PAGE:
New study into Portsea waves

A THIRD wave monitoring and modelling investigation is to be carried out at the badly eroded Portsea front beach.

The $290,000 investigation will cover Port Phillip Heads, the Great Sands and the shoreline from Pt Nepean to Portsea and is expected to take 18 months.

The two earlier studies were reviewed by the CSIRO which noted that there is limited wave measurement data in this part of the bay, limiting the accuracy to which any model can be calibrated and adding a degree of uncertainty to any results.

Both studies recommended more extensive measurements of waves as they move into the bay from Bass Strait so that any further modelling could be precisely calibrated with some data and then later verified with other data.

This latest move follows ongoing public consternation over loss of the beach near the pier and along the front of Portsea Hotel.

Many resident s claim the problems began soon after channel deepening commissioned by the Port of Melbourne Corporation ended in 2009.

The Department of Environment and Primary Industries has hired Worley Parsons to carry out the study.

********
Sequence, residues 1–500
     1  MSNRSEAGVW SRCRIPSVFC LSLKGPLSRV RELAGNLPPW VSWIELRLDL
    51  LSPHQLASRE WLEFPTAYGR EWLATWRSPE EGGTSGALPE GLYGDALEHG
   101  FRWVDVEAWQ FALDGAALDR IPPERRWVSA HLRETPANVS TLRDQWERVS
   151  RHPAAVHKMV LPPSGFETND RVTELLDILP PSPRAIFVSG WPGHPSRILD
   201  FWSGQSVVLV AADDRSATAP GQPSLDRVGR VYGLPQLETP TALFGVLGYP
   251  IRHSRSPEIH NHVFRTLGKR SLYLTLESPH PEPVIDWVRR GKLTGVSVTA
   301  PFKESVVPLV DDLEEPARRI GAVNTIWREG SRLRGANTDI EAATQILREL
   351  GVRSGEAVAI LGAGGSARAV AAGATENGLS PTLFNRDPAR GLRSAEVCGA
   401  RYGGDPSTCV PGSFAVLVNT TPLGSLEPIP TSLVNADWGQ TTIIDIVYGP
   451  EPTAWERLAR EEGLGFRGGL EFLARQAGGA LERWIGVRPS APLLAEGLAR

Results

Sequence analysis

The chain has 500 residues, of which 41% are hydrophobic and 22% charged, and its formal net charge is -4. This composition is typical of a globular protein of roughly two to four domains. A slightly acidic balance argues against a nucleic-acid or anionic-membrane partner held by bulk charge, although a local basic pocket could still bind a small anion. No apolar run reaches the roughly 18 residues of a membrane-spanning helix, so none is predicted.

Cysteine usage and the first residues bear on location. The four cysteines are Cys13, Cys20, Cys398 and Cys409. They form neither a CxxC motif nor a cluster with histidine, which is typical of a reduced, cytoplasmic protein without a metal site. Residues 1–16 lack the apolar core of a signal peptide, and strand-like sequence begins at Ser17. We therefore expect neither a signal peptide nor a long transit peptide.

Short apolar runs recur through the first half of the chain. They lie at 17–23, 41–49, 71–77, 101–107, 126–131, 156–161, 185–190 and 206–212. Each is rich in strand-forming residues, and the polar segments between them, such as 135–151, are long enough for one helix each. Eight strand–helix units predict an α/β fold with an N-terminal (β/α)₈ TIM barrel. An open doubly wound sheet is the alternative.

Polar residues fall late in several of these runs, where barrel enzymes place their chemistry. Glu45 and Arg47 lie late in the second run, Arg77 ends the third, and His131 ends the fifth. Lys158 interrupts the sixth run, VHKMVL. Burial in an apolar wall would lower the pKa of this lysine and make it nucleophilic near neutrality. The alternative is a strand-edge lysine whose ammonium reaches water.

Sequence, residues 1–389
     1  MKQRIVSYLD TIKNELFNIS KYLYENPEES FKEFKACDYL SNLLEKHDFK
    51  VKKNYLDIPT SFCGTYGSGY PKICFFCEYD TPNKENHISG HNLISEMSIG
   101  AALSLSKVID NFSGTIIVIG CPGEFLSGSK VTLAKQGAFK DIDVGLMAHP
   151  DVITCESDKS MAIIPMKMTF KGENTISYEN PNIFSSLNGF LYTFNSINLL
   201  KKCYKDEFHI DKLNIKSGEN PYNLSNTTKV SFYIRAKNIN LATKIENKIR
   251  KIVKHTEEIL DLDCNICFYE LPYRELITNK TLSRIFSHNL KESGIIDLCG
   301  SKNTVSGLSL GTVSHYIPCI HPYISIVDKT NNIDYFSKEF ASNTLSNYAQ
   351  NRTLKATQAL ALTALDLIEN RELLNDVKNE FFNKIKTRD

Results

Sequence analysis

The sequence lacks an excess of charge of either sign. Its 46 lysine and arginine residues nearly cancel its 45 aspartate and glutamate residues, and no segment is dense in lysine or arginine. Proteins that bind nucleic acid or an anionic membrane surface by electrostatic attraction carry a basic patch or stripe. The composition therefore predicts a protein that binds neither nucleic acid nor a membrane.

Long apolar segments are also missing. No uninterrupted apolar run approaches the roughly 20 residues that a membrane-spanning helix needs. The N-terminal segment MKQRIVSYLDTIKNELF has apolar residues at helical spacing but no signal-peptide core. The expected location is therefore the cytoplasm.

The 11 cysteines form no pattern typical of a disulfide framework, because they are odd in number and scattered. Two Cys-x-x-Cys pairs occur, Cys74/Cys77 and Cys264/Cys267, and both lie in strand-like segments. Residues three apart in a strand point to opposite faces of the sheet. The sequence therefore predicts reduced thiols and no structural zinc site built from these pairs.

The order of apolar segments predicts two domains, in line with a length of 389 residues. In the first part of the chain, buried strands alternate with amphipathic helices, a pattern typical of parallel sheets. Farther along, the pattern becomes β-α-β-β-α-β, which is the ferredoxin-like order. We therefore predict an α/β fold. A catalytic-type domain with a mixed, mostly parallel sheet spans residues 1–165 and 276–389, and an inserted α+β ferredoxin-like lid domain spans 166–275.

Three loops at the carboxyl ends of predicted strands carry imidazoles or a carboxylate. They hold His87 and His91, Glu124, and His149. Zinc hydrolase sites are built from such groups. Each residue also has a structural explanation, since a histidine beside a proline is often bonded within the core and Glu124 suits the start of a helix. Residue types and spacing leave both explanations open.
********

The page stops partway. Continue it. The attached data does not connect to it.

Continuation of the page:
The money for the investigation comes from the Port Phillip Program budget and aims to provide wave and tide data to determine options for the future management of the beach.

“Following consultation with community representatives and a rigorous selection process, an engineering consultant with coastal expertise has been appointed to carry out this work,” member for Nepean Martin Dixon said last week.

The company, Worley Parsons, will measure currents, waves and tides and will attempt to accurately model the wave climate, including seasonal wave patterns off-shore from Portsea.

“Coastal erosion is a process affecting beaches around the world and, unfortunately, beaches in Port Phillip Bay are no exception,” Mr Dixon said.

The minister for Environment and Climate Change, Ryan Smith, said the state government shared community concerns about the value of the beach. He said he was pleased the work was set to begin.

“Victorians value the state’s natural assets, [and] that’s why we have invested more than $9 million over four years into the Protection of Port Phillip Beaches and Foreshores Program,” he said.

“A further $7.5 million over four years is being invested for the Coastal Environment Program to manage coastal risks, storm damage and deliver on capital works.”

Mr Smith said the government was committed to providing authorities with the resources they needed to effectively manage the coastal environment.

The DEPI says it will keep residents up to date during the course of the study.